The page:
Wednesday, December 23, 2009
In a Reading Kind of Mood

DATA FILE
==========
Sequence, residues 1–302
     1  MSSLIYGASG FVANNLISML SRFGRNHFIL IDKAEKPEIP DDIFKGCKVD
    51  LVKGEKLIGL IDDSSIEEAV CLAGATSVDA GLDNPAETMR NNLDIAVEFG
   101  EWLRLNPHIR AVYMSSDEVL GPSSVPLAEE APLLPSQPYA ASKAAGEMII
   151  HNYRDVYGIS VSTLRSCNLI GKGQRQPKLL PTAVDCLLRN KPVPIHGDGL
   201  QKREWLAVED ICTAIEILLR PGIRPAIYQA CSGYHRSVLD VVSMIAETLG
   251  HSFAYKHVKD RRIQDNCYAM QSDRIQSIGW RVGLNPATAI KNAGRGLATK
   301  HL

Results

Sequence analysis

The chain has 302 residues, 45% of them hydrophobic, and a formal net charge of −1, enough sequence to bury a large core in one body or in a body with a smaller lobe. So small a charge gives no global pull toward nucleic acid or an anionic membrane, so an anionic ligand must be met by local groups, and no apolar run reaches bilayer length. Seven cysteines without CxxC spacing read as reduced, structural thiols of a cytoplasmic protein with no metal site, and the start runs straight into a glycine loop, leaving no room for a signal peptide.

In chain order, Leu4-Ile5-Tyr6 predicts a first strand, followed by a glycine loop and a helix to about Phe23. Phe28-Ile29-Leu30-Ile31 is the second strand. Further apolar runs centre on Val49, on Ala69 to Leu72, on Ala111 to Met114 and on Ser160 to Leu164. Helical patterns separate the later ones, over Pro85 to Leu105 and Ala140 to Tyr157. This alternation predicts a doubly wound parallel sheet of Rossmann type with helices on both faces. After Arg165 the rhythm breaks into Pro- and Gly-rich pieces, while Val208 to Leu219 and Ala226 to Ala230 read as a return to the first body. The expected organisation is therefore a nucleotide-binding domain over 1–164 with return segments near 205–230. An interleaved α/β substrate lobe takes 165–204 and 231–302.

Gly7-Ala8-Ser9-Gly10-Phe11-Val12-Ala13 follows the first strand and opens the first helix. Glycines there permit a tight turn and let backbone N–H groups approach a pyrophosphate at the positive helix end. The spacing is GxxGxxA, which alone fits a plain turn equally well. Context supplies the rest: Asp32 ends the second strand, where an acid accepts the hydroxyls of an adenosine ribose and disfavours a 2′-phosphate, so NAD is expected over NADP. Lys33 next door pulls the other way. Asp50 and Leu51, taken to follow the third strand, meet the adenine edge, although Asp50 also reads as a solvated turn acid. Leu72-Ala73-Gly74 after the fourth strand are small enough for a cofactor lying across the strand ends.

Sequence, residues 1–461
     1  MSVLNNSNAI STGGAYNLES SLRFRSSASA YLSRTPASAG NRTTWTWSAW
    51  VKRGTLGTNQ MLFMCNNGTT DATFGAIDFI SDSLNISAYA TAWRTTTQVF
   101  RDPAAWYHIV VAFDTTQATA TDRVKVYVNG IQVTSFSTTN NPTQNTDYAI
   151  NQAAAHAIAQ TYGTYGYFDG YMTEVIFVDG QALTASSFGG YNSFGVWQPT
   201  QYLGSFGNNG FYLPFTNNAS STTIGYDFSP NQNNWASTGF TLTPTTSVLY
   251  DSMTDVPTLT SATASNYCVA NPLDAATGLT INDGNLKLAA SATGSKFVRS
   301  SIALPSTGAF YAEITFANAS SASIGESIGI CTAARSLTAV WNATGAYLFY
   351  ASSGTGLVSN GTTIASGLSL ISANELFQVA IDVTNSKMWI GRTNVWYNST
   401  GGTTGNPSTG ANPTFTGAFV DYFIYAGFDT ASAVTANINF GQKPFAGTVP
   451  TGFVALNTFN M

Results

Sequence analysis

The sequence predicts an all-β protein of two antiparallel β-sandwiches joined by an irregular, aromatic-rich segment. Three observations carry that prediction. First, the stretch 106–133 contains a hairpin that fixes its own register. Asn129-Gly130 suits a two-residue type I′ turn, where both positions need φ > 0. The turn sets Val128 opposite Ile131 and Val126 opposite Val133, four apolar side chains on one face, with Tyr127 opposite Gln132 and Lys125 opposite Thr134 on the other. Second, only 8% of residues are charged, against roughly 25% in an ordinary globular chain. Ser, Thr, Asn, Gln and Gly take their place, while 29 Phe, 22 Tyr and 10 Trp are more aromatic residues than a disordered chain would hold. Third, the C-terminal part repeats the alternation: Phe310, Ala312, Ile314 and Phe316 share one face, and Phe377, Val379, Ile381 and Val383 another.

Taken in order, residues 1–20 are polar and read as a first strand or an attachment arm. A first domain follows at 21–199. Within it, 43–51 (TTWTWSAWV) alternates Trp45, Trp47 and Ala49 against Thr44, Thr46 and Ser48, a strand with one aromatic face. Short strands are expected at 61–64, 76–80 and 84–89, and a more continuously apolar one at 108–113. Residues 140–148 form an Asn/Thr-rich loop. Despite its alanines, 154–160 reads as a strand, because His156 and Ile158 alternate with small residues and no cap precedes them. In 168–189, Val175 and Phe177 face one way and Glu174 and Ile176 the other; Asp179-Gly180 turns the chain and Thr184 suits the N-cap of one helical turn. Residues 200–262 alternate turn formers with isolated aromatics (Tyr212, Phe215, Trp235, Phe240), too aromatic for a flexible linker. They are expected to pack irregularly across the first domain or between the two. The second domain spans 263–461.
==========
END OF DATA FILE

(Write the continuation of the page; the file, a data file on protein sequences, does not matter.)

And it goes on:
This is the beautiful book that I just couldn't bear to finish. It is quite easy to understand why this book was awarded the Pulitzer Prize. The language is beautiful - overwhelming in places, and the preservation of the multiple points of view of this family concerning their husband/father/family member's death is absolutely heart-wrenching. It is a literary masterpiece that takes you to places both dark and poignant. Which is where my problem lay, honestly. The story of a father's death still resonates a little too strongly with me, even so many years after Daddy has been gone. Reading the story - from Mary's, Rufus', Catherine's points of view - was overwhelming in many ways. I found myself so entranced with their emotions, feelings, and experience that their emotional turmoil became my own. I was inexplicably depressed here at Christmastime, mourning a man who, had he lived on from his death by accident, would have been naturally deceased years before my birth. And yet, that isn't particularly true. It wasn't his death. It was the impact upon the lives of those who loved him. It was the lasting hole, the festering wound, and the painful scar that is undoubtedly, indelibly left upon this family after the closing pages of the novel. It rocks all but the most grounded faiths. It brings no absolution, no peace. Only the certainty that one must move on from loss. My first sentence is true. I didn't finish it completely. I made it to page 285 of my edition and honestly could bear no more. The cruelty of the priest round about the page 260 mark about pushed me over the edge. But ultimately, it was the pain of the children. Too honest. Too intense. Too real. Perhaps one day I will return and finish the last few pages of this book. But, whether I do or do not return, one thing is certain. It has passed what is my own personal "test of great literature" - I will be thinking about this book for many years to come with that unsatisfied, aching feeling. A book that does not stop speaking with it's last page - THAT is the mark of great literature, and *A Death in the Family* certainly qualifies.